Oliver 7 0 0 4 min to read

Private schools appreciate DepEd’s various educational alternatives.

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The Department of Education (DepEd) was congratulated on Tuesday by the Coordinating Council of Private Educational Associations of the Philippines (COCOPEA) for giving private schools more flexible alternatives and taking into account difficult issues in the full transition to in-person instruction.

COCOPEA Managing Director Joseph Noel Estrada said this demonstrates the “continuous relationship” between the public and private sectors.

The Coordinating Council of Private Educational Associations of the Philippines (COCOPEA) expressed its appreciation for and praised the Department of Education’s decision to continue offering blended and distance learning modes at private schools after October 31, 2022.

Private schools are given various options under DepEd Order 44, including “five-day in-person classes; blended learning modality; and full remote learning.”

Estrada said that this system would benefit students as a supplement to traditional classroom instruction.

By doing this, he continued, “students and learning institutions may optimize and utilize the advantages and innovations of these flexible learning modes.

The COCOPEA committed to working closely with the DepEd in light of this.

According to Estrada, “COCOPEA will continue to cooperate with the Department as a steadfast partner and assist the Department in resolving the numerous requirements in our education sector.”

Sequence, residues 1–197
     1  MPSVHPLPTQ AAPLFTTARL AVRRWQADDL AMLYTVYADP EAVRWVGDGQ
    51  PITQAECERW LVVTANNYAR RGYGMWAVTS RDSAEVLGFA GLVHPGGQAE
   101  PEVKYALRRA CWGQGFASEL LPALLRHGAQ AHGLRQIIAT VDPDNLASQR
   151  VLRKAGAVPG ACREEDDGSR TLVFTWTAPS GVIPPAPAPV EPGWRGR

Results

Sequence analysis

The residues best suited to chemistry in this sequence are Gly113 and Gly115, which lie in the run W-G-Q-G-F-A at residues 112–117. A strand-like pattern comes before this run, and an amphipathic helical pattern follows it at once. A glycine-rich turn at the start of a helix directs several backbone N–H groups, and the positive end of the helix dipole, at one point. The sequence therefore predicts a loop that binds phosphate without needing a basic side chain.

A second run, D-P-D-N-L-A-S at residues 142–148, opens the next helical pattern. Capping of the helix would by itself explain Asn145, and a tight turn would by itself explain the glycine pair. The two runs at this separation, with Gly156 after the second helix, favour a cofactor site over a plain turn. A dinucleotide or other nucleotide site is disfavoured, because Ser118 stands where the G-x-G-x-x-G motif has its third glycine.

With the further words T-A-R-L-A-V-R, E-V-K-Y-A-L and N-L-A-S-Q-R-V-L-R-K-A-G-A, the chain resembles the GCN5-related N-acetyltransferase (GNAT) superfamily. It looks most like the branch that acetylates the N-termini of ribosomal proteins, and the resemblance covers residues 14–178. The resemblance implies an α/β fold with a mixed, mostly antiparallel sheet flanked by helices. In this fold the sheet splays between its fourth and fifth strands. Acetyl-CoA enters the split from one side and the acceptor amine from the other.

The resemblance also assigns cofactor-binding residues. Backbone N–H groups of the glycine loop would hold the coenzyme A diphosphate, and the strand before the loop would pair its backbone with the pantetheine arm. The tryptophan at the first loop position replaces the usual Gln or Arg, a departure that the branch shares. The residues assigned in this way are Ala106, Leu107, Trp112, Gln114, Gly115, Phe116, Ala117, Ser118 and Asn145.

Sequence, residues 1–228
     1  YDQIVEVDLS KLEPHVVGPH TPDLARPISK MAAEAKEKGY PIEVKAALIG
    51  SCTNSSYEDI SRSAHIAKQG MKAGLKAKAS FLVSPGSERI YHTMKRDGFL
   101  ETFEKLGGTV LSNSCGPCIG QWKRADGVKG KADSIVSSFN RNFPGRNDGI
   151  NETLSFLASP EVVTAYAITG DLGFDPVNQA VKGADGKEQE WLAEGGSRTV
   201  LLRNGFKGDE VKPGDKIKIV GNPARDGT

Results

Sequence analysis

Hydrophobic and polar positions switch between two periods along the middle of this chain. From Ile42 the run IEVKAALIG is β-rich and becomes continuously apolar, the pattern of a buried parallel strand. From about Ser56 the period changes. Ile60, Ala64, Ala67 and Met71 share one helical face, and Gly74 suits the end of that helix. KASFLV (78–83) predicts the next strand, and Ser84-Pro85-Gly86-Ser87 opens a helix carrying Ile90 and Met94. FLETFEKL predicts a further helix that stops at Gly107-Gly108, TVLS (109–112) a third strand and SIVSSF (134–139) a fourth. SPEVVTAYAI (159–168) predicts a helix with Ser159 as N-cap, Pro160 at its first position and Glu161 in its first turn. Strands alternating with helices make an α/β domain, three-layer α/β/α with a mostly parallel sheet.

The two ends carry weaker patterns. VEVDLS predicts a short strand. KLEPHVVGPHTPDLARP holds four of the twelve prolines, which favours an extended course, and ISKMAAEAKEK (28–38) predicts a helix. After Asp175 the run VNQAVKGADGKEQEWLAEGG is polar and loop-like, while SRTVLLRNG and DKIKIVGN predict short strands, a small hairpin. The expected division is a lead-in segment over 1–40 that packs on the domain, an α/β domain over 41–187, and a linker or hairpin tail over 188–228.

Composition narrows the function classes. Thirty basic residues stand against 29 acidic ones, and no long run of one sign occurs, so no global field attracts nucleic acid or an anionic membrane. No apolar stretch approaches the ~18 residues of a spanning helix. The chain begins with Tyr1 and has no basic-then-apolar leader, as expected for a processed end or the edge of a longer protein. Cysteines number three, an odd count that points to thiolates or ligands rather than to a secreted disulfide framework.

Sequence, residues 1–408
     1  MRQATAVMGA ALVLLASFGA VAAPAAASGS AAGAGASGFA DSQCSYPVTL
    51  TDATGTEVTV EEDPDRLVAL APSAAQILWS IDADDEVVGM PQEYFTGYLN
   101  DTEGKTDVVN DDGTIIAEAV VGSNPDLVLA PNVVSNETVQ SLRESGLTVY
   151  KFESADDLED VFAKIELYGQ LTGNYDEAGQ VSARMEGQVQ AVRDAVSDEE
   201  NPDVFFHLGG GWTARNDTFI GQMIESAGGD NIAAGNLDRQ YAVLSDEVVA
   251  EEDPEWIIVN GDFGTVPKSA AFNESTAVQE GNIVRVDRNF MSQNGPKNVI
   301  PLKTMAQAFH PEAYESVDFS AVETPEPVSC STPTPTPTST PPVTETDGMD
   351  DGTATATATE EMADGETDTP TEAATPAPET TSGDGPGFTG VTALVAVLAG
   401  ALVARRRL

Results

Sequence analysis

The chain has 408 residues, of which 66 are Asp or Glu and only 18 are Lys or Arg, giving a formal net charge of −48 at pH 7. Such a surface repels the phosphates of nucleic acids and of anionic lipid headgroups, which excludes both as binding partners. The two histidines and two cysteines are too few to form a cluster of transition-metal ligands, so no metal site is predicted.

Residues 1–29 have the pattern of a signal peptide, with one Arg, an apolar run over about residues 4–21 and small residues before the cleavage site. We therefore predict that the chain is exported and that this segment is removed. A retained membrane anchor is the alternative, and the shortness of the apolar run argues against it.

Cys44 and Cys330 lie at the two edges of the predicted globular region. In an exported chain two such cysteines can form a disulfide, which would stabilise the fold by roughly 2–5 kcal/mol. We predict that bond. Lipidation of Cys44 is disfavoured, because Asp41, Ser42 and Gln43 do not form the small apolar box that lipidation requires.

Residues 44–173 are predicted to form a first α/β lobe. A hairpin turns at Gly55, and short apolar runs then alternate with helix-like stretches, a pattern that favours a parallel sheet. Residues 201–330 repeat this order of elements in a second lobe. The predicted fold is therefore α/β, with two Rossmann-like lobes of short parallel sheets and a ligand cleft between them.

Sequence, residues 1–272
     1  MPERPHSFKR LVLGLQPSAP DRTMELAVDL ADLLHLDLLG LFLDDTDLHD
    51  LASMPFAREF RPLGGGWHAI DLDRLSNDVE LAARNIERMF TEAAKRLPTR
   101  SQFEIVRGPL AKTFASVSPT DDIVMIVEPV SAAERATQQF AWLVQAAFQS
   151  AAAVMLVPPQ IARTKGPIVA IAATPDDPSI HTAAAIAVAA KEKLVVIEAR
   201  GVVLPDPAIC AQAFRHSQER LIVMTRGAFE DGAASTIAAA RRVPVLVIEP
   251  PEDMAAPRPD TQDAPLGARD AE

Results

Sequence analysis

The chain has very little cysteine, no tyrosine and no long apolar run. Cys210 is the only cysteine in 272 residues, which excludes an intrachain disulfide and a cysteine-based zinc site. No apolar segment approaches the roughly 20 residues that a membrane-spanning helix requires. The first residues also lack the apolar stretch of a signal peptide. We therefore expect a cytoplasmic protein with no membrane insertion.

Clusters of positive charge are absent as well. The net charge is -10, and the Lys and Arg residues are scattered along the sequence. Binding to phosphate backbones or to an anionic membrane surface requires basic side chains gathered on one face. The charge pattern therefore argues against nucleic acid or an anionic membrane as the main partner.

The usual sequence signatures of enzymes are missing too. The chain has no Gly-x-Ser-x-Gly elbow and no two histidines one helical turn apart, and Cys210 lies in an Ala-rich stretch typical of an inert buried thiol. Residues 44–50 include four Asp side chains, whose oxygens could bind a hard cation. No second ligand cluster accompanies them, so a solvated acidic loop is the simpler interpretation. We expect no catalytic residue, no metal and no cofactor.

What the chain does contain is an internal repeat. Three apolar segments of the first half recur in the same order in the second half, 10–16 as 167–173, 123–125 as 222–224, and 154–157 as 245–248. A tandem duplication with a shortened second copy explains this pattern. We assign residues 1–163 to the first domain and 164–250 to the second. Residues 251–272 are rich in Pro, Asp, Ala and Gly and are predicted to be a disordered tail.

Applications for exemption

In the meantime, the Alliance of Concerned Teachers (ACT)-Philippines urged the DepEd to provide the number of schools asking for an exemption for five days of in-person classes beginning November 2.

The ACT asserted that it did not want the entire implementation of required in-person instruction to fail but that pressing issues in schools must be resolved first.

According to reports, several schools, particularly those in the National Capital Region and other urban regions, are requesting an exemption from the 5-day face-to-face course requirement because they lack the necessary resources (facilities and staff) to make it work. The government’s inability to solve our difficulties has us headed in that direction, even while we do not want the push for 100% face-to-face classes to fail,” it wrote in a Facebook post.

By DO 44, all public schools in the country must implement the complete five-day in-person courses, with a few exceptions.

The DO stated, “Except for those expressly offered an exemption by the Regional Director, those whose classes are automatically canceled due to disaster and calamities, no public school shall be authorized to use exclusively distant learning or blended learning.”

The DepEd previously stated that while school facilities are being rebuilt and temporary learning spaces are being established, schools in disaster-affected areas are presently optimizing alternative forms of delivery for their lessons.

The number of schools asking for exemptions has not been made public by the education department. Still, it has remained steadfast in its belief that encouraging in-person instruction will be wholly advantageous for students.


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